Tuesday, 7 June 2016



by Joshua Ingle

2 out of 5

For decades, Thorn has reigned as the most powerful demon in Atlanta, lurking in the spirit realm, whispering lies to unsuspecting human ears, commanding all other demons to do his bidding. But when Marcus, an old demonic rival, returns from exile to attack Thorn unexpectedly, Thorn finds his power ripped from his grasp.

Wounded, desperate, and abandoned by his allies, Thorn is forced to ask himself questions—forbidden questions about demonkind’s place in the universe. Questions that threaten to undermine everything Thorn and his fellow demons have believed for millennia.

With enemies closing in from all sides, Thorn grows ever more desperate for a way to escape his vicious life and to keep the people he loves safe in the process.

But Thorn is a vile, wicked demon who has committed unspeakably evil acts. He could never truly love someone. He could never become good.

Could he?

Thorn has established himself as the most powerful demon in Atlanta, but when an old friend comes to town to challenge that, things are bound to change.

I received a free copy of the first two books of the Thorn Saga from Netgalley.
I was enticed by the synopsis, it sounded like a demon turf war in Atlanta. I was expecting fantastic fights, betrayals and back-stabbings; and lots of generally demonic stuff. Excitement, action, intrigue...

The book was nothing like I was expecting. This isn't about monsters, it is about personal demons.
Ingle's demons are ex-angels, that all lost their wings and their corporeal form when they fell to Earth. They drift along as ancient shadows, jealous of the humans who can touch, feel and smell the world around them. The demons are driven by a need to cause death and despair to humans - it is almost currency amongst demons. A high-rated death can be of great value.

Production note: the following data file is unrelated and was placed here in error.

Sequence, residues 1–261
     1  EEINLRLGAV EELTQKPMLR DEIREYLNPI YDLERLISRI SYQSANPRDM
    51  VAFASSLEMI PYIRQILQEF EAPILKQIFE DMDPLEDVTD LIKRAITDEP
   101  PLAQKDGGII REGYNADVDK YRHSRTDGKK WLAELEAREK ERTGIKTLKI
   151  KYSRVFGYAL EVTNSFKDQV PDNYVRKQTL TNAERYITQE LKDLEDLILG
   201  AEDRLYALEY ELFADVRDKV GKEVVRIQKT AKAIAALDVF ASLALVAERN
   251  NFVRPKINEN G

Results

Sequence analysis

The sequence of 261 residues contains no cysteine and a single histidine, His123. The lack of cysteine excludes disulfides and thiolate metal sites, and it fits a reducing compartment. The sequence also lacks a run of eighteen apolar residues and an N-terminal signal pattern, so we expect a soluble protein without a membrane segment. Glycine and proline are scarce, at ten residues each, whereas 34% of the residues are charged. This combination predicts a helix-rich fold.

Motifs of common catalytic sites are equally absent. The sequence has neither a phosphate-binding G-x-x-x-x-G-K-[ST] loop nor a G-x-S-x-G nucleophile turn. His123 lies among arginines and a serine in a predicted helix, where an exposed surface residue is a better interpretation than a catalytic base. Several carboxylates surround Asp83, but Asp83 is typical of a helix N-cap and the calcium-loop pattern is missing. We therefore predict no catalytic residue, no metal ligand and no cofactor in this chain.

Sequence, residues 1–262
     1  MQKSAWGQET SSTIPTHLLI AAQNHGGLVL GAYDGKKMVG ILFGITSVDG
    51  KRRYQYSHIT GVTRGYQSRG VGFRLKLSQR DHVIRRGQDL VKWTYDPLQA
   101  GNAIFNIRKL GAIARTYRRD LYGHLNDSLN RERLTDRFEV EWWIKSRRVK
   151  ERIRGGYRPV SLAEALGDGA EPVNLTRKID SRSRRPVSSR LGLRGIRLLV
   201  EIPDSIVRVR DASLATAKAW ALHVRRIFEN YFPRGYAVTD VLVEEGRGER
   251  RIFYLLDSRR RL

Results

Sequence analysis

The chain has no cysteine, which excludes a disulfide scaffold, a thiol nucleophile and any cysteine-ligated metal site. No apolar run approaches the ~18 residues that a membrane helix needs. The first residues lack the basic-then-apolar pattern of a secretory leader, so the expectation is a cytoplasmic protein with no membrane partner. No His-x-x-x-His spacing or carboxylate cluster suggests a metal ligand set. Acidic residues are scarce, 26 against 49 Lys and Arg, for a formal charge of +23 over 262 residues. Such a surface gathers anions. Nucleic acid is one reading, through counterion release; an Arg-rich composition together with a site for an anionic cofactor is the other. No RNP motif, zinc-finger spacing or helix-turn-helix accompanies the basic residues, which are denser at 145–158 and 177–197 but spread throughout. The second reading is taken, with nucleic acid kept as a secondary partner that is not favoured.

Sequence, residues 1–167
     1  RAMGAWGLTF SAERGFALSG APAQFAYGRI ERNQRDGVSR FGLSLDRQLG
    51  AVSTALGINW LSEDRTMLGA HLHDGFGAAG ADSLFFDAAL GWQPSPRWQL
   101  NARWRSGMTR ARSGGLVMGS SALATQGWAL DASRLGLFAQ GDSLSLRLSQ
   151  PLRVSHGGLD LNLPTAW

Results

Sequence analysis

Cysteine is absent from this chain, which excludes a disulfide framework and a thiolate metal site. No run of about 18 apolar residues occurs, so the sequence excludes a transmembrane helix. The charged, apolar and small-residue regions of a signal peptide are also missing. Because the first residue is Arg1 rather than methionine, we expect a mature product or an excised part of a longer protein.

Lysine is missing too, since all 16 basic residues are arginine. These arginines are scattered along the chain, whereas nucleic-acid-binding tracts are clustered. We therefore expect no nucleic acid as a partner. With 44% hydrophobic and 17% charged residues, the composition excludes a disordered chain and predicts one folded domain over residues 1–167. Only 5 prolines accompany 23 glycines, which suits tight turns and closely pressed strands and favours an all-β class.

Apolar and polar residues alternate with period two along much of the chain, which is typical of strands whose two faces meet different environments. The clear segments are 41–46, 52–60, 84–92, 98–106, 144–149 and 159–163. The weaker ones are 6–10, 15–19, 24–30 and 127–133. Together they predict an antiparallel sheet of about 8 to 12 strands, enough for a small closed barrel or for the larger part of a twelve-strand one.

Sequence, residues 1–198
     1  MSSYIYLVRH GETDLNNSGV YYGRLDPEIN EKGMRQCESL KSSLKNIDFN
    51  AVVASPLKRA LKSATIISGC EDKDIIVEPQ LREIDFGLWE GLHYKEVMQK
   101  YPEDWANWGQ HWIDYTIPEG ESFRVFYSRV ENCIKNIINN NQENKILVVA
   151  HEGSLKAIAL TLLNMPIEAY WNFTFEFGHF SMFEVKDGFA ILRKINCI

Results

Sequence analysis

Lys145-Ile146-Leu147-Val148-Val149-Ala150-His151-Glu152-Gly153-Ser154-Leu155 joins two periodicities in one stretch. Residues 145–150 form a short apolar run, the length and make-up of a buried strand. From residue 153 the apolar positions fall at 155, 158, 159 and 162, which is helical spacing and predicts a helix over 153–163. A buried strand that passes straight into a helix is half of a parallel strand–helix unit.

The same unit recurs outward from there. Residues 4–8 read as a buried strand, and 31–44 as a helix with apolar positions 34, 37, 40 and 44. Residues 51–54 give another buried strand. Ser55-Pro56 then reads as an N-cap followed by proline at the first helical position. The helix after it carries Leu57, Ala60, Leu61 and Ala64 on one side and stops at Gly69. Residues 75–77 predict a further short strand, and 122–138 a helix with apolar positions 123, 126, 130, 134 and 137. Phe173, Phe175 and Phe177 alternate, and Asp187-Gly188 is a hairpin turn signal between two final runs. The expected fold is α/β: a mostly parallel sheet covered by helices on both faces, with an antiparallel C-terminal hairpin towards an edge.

And how do they achieve this? They whisper. They sit on their victims shoulder and whisper their biggest insecurities and weaknesses until they crack.
The demons can't actually read people's minds, but for ones like Thorn with a millenia of experience, they know the best lines and most likely topics.

As Thorn hovers around his victims, I was both amused and disappointed with the things he was focussing on. I mean sure, logically a lot of suicides and murders etc stem from cracks in the foundation, but it was really quite mundane and human how Thorn pressed that "you're fat" and "you're ugly", "buying something expensive will make you feel better".
It was really very petty.
But at the same time I was chuckling away at it; every time Thorn was whispering, I had a little voice in my head "cake is the devil"
"sexy clothes are the devil"
"consumerism is the devil"
"drink is the devil"
"foreigners are the devil"

And what about when your personal demons have personal demons?
Thorn is the top demon in Atlanta. He is also a coward.
He hides behind his reputation and position, knowing that no one would dare touch him. But when they do, he shrinks away from pain and bemoans the injustice of it all.
Thorn knows that his old friend Marcus intends to drive him away and force the local demons to follow a new alpha. Thorn sees Marcus and his minion here and there, but does nothing. He shies away from ever confronting them, and spends his time musing over his past and the angels.

I just got bored, and even though it's only about 80 pages long I struggled to plow through. There's a lot of musing and reminiscing and very little actual interaction (beyond pulling the strings of his human puppets) or plot.
I have the second book, but I'm not in a rush to start it.

Goodreads link

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